HONOLULU—After years of community planning and reinvestment, the first changes of many are arriving in Kakaako.
The Hawaii Community Development Authority along with Kakaako’s surrounding community have spent years developing a master plan for the area, designed to create a new and vibrant cultural center in the heart of the district. Part of their plan incorporates a weekly outdoor marketplace with a special focus on community.
The area within the mauka side of Ala Moana Boulevard, part of the Kakaako Community Design District, is studded with some of Hawaii’s highest high-rise residential buildings—some approaching 400 feet.
In 2002, the Hawaii Community Development Authority adopted the “Waterfront Business Plan” covering use and development for the area between Kewalo Basin and the University of Hawaii’s medical school in Kakaako. Public pressure and successful legislation led to the preservation of the area for a large space open park, learning centers, and other opportunities for public use.
In 2009, the Hawaii Community Development Authority, retained MVE Pacific and its team of development and planning specialists to lead the community-based master planning process for Kakaako Makai. Building upon the three years of work completed by the Kakaako Community Planning Advisory Council, the consulting team, over a 14-month period, analyzed physical site characteristics, reviewed the local economic influences, market demand and viability of commercial and other land uses, while engaging the public through stakeholder interviews, a series of hands-on workshops, open houses and focused meetings.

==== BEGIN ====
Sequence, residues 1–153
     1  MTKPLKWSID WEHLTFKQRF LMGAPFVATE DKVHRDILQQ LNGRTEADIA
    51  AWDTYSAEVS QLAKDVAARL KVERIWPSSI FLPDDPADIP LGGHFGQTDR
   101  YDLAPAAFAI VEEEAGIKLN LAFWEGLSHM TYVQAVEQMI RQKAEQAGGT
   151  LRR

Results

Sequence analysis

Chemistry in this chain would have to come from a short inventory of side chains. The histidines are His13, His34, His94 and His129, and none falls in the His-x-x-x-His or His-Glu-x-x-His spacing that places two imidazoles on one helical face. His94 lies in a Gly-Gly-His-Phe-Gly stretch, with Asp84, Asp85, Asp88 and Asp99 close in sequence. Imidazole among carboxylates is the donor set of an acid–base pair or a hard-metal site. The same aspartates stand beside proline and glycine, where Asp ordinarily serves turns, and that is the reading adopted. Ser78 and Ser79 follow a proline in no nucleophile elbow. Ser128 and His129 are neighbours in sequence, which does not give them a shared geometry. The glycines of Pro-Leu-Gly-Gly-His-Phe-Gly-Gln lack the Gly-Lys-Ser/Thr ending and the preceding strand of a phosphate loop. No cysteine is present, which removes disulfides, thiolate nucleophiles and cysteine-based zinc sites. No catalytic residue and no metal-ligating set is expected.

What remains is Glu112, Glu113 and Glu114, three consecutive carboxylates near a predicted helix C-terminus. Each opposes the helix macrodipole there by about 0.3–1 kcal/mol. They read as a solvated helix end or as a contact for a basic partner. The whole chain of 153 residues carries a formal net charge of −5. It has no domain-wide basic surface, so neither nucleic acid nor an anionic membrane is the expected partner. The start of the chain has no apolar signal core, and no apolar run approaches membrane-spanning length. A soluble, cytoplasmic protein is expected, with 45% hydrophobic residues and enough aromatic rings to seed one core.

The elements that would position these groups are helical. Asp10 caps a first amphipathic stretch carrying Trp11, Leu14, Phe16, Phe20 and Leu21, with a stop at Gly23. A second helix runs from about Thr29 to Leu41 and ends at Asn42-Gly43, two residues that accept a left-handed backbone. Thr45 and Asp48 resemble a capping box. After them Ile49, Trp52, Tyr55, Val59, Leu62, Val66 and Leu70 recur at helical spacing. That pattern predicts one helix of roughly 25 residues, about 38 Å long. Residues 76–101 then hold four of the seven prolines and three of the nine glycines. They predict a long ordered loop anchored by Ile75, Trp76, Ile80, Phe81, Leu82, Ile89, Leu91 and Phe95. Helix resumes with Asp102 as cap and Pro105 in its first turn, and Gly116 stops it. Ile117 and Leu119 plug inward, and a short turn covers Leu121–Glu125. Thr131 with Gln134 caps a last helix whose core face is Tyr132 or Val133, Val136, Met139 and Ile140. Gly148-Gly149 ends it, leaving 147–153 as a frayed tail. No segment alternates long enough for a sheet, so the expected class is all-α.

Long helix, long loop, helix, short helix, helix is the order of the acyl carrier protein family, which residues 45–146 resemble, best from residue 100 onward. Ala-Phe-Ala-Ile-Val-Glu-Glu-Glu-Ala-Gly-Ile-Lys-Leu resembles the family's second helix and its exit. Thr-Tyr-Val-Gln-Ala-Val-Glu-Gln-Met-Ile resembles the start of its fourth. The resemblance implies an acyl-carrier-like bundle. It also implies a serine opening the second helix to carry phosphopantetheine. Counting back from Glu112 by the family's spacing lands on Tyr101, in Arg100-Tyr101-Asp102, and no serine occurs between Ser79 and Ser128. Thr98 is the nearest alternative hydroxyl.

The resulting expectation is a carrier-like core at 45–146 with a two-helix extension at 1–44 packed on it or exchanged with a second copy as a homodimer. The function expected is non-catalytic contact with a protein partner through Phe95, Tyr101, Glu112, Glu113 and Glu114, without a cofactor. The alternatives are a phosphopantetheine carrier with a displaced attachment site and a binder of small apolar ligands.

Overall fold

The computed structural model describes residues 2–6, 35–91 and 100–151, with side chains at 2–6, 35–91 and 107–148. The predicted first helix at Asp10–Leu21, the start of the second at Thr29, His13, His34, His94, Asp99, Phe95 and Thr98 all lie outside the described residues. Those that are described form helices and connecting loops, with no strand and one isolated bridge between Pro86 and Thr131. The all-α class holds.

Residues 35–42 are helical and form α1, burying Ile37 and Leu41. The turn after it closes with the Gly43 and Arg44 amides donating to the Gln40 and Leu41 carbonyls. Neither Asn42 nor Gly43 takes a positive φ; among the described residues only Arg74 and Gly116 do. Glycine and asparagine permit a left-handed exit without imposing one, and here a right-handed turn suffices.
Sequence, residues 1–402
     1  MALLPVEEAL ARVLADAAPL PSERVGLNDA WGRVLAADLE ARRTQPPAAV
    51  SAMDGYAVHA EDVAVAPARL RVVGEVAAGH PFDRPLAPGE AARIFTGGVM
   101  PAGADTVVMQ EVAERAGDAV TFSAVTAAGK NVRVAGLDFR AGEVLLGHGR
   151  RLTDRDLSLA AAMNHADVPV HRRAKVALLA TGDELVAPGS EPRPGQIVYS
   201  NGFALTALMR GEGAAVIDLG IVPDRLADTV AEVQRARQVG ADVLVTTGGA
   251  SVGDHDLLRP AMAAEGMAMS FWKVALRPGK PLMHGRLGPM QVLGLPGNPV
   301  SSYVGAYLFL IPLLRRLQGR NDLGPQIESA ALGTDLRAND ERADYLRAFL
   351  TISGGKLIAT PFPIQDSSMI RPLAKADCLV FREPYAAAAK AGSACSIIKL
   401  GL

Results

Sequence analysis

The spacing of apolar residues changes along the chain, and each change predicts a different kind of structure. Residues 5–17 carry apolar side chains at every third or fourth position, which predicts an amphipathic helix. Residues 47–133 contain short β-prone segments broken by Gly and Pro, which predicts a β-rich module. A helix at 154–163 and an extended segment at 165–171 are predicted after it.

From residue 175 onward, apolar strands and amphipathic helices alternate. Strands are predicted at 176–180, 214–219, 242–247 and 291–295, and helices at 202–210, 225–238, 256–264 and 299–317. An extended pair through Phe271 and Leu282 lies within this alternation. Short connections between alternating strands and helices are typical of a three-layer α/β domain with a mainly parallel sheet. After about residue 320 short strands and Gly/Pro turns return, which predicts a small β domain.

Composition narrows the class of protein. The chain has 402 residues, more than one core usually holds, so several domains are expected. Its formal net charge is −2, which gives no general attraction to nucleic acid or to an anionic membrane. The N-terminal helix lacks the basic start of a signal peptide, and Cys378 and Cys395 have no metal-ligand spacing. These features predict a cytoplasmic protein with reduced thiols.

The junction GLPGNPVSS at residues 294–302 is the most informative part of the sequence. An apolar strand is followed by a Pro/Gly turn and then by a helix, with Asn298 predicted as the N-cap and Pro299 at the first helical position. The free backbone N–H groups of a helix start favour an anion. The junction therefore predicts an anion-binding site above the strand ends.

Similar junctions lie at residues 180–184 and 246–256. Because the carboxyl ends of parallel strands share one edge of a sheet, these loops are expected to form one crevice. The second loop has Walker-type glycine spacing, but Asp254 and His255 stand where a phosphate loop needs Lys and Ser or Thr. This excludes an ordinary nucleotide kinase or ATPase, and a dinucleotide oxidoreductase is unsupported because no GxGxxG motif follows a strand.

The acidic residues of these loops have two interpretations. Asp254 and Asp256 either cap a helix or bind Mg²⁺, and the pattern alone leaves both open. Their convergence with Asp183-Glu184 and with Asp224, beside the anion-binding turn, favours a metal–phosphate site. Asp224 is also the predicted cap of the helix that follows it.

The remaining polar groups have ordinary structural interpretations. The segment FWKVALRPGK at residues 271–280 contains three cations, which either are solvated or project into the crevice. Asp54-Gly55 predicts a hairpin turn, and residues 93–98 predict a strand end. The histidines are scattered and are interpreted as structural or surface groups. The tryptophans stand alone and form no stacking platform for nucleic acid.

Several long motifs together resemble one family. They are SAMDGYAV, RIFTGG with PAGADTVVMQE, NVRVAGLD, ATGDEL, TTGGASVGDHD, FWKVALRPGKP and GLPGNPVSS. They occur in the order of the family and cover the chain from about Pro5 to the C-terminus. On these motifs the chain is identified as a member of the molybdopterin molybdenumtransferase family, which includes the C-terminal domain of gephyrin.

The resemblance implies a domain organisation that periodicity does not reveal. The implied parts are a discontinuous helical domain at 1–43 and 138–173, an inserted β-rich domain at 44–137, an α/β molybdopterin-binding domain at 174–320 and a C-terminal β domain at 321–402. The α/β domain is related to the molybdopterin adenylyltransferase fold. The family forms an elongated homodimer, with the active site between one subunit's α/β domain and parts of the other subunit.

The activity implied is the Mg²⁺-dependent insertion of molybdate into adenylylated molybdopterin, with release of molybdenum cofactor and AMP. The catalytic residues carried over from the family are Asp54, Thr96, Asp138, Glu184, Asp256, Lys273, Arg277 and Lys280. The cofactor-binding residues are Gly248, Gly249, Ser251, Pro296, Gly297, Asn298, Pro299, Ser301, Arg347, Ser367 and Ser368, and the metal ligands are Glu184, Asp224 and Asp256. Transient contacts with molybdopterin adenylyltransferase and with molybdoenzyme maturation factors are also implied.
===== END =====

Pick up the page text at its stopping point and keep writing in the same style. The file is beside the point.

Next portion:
“All of our vendors know that we promote only locally grown foods, and locally produced items.”
“We intend to build a community cultural village at Kakaako Makai,” said community manager Juanita Kawamoto in a statement. “We want to provide a place where our ohana and kupuna can pull together and share what they know. We also want local non-profits, civic clubs, and educational organizations to come down and join us—possibly to fundraise, definitely to raise awareness for their causes.”
While cultural awareness is the primary focus of the community endeavor, the market will also host local farmers, fishermen, artisans, and chefs.
Current vendors include PacifiKool-Island Ginger Drinks and Syrups, Aunty Nani’s Hawaiian Cookies, Hawaiian Food Chef, Aloha Wainani Fresh Fish, and Aikane Coffee Farm. Market management is still reviewing and accepting vendor applications.
“All of our vendors know that we promote only locally grown foods, and locally produced items,” Kawamoto said. “We want the Kakaako Makai Community Cultural Marketplace to support our local family farmers, our local artisans, and our local community. We are even donating a percentage of our market profits to the Next Step (‘homeless’) Shelter and the Hawaii Children’s Discovery Center.”
The Kakaako Makai community managers also said sustainability is a big part of their vision. Non-biodegradable plastics, Styrofoam, and GMO produce are strictly forbidden.
“We have found affordable ways for our vendors to provide their services without contributing to our State’s environmental degradation,” Kawamoto said. “We would like to see all local vendors become more environmentally aware, and we hope that our marketplace can help reset the standard.”
Marketplace hours are on Fridays from 4:30 p.m. to 8:00 p.m. and on Saturdays from 9:00 a.m. to 4:00 p.m. beginning June 10. (The market will close early, at 1:00 p.m., on June 11 due to a Concert in the park.) For more information about market hours and festival events, visit the Kakaako Makai Community Cultural Marketplace website at KakaakoMakaiMarket.com.